AR Philosophy > Legalities

Adam Karp

In a Seattle University law classroom, attorney Adam Karp plunks his feet on a bench, next to his chalkboard sketch of a three-legged dog.

His shoes are not leather. His tie, the one with a picture of a giraffe, isn't silk. He wears no wool. His belt is plastic.

And, he practices only animal law.

"It's more a way of life than a philosophy," said Karp, the only attorney in the state whose practice is limited to cases involving animals.

"It began when I became a vegan, when I was able to open my eyes to injustices in the way we treat animals. It's a serious problem here, and the law is a ripe tool for affecting change."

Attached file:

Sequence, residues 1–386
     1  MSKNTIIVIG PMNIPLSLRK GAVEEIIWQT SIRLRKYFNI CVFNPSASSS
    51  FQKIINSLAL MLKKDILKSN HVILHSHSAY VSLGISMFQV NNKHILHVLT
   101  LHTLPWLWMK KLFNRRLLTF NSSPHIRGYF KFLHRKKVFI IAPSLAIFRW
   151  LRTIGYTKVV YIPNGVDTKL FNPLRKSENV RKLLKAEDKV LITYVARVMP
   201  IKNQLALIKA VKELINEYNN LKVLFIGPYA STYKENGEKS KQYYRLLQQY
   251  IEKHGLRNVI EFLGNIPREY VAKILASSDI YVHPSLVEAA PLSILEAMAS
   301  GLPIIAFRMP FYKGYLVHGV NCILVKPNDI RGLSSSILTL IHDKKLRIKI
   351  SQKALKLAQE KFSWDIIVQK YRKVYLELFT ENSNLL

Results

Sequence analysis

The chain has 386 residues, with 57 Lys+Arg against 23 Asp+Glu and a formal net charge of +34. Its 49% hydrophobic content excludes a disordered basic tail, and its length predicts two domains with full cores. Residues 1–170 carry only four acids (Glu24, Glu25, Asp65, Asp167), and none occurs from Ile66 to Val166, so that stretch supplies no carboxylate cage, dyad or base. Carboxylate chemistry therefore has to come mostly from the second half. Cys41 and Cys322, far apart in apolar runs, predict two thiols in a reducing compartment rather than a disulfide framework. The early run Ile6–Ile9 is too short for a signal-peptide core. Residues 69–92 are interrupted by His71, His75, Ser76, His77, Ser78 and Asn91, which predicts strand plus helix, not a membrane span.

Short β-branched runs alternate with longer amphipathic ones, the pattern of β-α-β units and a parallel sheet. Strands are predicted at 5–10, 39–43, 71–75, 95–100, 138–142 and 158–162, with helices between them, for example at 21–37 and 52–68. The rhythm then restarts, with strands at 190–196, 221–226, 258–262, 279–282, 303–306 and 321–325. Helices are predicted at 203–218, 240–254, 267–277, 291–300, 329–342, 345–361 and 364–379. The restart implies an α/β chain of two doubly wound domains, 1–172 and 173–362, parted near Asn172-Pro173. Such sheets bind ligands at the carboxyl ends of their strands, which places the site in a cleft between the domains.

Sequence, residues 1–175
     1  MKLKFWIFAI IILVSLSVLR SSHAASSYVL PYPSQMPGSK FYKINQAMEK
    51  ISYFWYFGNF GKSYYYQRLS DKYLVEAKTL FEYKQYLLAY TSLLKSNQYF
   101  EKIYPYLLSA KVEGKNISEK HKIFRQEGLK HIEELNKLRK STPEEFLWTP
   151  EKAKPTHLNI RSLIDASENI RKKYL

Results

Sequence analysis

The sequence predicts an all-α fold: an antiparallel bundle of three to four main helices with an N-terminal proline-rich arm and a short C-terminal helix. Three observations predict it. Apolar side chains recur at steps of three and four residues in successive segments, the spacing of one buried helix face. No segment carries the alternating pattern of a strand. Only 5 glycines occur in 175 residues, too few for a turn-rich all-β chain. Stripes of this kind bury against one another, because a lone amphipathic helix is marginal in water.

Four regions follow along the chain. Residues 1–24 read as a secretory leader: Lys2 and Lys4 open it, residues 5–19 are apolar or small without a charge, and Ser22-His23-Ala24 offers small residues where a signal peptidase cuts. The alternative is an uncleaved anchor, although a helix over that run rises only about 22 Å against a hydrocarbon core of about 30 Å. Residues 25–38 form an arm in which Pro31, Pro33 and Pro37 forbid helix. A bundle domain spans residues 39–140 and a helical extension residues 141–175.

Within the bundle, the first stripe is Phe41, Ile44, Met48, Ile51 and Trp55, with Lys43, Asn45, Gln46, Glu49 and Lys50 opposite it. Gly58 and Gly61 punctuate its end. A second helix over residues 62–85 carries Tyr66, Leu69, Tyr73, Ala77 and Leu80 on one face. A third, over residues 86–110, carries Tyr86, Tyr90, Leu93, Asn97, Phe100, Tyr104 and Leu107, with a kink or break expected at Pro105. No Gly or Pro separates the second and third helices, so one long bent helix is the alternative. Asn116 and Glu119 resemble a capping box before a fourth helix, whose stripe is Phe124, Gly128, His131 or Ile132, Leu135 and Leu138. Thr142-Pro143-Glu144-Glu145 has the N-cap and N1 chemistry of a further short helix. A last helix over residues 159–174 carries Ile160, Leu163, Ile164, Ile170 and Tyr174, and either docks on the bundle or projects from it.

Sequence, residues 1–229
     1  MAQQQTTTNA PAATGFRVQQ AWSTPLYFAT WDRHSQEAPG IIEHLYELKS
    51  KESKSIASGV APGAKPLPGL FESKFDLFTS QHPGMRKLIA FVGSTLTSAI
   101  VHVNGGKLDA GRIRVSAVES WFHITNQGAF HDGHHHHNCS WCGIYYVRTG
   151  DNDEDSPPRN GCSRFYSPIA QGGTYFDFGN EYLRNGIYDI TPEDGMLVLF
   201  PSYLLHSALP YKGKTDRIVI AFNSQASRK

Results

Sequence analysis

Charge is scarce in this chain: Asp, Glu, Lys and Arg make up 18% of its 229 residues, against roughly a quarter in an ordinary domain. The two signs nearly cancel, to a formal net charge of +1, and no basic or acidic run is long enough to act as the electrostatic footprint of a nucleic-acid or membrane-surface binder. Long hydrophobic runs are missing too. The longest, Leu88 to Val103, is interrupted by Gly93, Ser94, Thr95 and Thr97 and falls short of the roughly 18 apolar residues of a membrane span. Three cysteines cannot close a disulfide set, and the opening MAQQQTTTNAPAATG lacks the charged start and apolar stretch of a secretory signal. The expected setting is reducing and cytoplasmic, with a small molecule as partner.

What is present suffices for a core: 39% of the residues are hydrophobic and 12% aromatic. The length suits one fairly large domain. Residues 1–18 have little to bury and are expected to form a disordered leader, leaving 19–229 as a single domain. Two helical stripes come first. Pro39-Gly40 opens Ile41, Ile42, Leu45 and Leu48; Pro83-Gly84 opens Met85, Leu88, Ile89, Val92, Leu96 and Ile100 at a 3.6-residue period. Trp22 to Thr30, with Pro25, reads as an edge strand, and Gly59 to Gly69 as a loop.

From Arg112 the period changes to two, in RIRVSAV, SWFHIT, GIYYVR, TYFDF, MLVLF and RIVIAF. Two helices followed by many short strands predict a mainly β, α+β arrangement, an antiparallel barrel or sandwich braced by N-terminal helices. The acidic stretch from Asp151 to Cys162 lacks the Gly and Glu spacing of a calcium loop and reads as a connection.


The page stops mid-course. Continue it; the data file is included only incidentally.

Karp, 32, a Bellingham resident, teaches animal law at Seattle University and the University of Washington and founded the animal-law section with the Washington State Bar Association.

He said becoming a vegan -- not eating meat or wearing anything made from animals -- opened his eyes to the way animals are treated. Practicing solely animal law was a way to marry his personal and professional views.

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